Starbucks CEO calls for ‘unconscious bias’ training
Damage control continues after two black men arrested.
The chief executive of Starbucks on Monday called for “unconscious bias” training for store managers and unequivocally apologized for what he called “reprehensible” circumstances that led to the arrest of two black men at a Philadelphia store.
Starbucks Chief Executive Kevin Johnson said on “Good Morning America” that the company was reviewing the actions of the store manager who called the police. Johnson said that “what happened to those two gentlemen was wrong.”
“My responsibility is to look not only to that individual but look more broadly at the circumstances that set that up just to ensure that never happens again,” Johnson told GMA anchor Robin Roberts.
Johnson, who flew to Philadelphia as protests broke out, said he hoped to meet with the two men to apologize.
NBC and CNN reported that Johnson was expected to meet with the two men. Exactly when the meeting would take place was not immediately clear.
The manager who called the police on the two men no longer works at Starbucks, according to the Philadelphia Inquirer. The newspaper described a “mutual” decision between the manager and the company.
Protests continued on Monday at the Starbucks w h e r e t h e m e n w e r e arrested. GMA described the protests inside the Starbucks as “a stand-in,” with NPR reporting chants of “Star- bucks coffee is anti-black.”
At least six Philadelphia Police officers stood over two seated black men, asking them to leave. The officer said that they were not complying and were being arrested for trespassing.
The two unidentified men were taken out in handcuffs soon after. The men were held for nearly nine hours, said Lauren Wimmer, an attorney who represented the men. No charges were filed.
Police Commissioner Richard Ross addressed the incident on Facebook Live on Saturday, saying that one or both of the men asked to use the restroom but had not purchased anything. An employee said Starbucks company policy was to refuse the use of the bathrooms to non-customers and asked the men to leave, according to Ross. The employee called the police when they refused. to remove it voluntarily so it can be sent back to the manufacturer or destroyed.
Lara Anton, a spokeswoman for the agency, said it is simply trying to clarify and enforce existing rules because i nspectors have been encountering a proliferation of CBD products made out of state that are being shipped into Texas for sale, and they’re perplexed as to how to handle them.
Foods and supplements that merely promote “hemp oil” as an i ngredient still could be sold in Texas under the plan, Anton said, because the state agency would assume the concentrations of CBD and THC they contain are at trace levels only. But anything specifically advertising CBD or THC on its label would have to be removed.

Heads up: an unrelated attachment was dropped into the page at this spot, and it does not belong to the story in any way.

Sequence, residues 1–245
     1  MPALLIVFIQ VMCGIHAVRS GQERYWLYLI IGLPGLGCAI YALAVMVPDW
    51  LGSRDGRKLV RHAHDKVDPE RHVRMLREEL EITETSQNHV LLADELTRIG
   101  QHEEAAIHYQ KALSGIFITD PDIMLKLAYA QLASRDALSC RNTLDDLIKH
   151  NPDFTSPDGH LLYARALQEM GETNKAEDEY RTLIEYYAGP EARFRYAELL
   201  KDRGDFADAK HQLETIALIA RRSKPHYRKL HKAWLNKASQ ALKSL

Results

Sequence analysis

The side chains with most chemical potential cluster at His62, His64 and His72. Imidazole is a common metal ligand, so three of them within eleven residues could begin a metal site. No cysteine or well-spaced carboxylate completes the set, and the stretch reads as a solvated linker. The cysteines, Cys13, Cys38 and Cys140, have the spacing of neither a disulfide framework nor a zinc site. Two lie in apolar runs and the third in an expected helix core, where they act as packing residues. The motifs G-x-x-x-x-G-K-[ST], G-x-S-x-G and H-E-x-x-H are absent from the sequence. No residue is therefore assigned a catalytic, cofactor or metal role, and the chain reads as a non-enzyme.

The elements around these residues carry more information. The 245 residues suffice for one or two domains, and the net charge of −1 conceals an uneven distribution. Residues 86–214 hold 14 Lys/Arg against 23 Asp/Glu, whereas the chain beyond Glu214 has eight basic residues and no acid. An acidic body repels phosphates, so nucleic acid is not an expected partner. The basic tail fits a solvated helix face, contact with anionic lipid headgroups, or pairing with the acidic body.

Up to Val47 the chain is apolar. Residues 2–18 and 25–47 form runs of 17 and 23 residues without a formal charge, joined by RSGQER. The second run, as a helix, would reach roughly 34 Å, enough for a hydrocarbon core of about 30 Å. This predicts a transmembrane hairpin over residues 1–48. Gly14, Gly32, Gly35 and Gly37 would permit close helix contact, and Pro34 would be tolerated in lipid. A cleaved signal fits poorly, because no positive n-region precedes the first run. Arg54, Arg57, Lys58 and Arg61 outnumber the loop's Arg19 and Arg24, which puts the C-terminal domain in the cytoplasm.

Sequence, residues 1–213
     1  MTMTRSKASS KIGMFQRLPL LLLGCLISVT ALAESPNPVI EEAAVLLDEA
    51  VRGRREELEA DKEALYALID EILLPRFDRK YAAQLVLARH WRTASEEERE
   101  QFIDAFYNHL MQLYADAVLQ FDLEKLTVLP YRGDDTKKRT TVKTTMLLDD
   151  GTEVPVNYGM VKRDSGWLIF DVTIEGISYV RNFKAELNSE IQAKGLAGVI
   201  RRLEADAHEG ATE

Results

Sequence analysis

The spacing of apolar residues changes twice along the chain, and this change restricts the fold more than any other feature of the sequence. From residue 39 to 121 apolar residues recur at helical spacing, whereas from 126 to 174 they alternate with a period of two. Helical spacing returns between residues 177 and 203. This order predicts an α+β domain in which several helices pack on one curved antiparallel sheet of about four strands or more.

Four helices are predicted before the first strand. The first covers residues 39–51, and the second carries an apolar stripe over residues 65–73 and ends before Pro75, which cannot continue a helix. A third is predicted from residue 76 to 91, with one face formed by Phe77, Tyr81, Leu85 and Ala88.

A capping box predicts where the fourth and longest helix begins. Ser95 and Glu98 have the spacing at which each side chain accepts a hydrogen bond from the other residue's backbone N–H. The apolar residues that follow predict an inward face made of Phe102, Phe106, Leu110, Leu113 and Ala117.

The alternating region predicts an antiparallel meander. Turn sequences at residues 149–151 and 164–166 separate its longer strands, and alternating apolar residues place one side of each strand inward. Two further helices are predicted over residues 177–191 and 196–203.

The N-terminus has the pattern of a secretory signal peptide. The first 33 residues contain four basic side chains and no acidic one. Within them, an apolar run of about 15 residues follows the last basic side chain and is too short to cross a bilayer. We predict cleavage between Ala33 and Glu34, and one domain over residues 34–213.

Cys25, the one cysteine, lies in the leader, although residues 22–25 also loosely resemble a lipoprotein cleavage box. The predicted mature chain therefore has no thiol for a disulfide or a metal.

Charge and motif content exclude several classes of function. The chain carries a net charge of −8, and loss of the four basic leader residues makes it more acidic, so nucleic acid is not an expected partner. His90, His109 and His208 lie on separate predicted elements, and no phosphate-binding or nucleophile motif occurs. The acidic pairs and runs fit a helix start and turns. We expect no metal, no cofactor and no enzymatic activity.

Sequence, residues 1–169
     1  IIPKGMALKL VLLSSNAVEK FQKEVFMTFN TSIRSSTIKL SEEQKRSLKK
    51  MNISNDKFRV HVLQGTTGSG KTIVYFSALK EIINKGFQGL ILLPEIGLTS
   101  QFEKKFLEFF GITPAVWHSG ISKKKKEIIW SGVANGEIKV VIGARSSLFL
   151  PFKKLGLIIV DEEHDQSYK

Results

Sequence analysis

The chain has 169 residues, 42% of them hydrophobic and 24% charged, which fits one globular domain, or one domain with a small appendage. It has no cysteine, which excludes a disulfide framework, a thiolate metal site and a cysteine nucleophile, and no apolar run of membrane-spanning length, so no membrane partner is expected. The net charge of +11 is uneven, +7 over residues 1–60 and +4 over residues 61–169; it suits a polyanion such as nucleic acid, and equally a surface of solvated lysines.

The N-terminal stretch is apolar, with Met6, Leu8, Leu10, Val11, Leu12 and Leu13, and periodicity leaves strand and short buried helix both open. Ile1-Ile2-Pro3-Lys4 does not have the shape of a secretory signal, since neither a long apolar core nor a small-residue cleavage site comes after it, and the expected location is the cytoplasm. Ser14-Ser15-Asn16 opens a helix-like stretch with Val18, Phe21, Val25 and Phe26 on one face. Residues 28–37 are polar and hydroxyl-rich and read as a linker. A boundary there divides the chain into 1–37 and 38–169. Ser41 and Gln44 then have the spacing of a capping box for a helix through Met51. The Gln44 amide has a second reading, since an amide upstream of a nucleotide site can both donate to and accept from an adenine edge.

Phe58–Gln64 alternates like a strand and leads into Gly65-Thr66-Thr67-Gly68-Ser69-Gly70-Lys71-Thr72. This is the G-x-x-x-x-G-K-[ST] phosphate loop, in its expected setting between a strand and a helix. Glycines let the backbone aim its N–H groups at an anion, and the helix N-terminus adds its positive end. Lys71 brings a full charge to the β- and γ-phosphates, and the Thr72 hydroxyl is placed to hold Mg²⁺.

“If you have l i s t e d i t as an i ngredient on your label, then it’s clearly at an enhanced level,” she said.
The health services department isn’t planning to do any actual testing of products, Anton said, although there would be a procedure for companies to have independent lab analysis done to prove only trace concentrations if they want to keep selling in Texas.
She said there is no timetable for the agency to make a decision on the plan, although a public comment period on it ended Monday.
Sales of CBD products under the Texas Compassionate Use Act, which are allowed only to certain patients suffering from rare intractable epilepsy and under a doctor’s direction, won’t be affected by the proposal.
But Morris Denton, chief executive of Compassionate Cultivation — one of three medical cannabis dispensaries licensed under the restrictive law — said he considers the health agency’s potential crackdown on over-the-counter retail products “a step back” for Texans nonetheless if it isn’t coupled with a plan to make regulated CBD products available to more people.
“It’s troubling to me that a great percentage of Texans will no longer be able to achieve that benefit” derived from CBD, said Denton, whose dispensary is in Manchaca. “If you are just taking a product away from people that has helped them, but not giving them a legal solution, then I think that is a step back.”
The Compassionate Use Act is overseen by the Texas Department of Public Safety, and it requires that products made by the three dispensaries be tested and contain at least 10 percent CBD. Some over-the-counter CBD products sold at retail stores in Texas face only light regulations in the states where they are made, and tests have shown that they don’t always contain the concentrations of ingredients they tout.
Connor Oakley, executive director of the Medical Cannabis Association of Texas, said he supports more testing of CBD products sold at retail. But he agreed with Denton that removing them from shelves absent a larger plan is troubling.
“To take this away from Texans would be a great disservice — just completely out of the blue, it’s a huge, unnecessary step backwards,” Oakley said. “Maybe (the health agency) could propose some testing parameters, if they feel it is as urgent as they seem to.”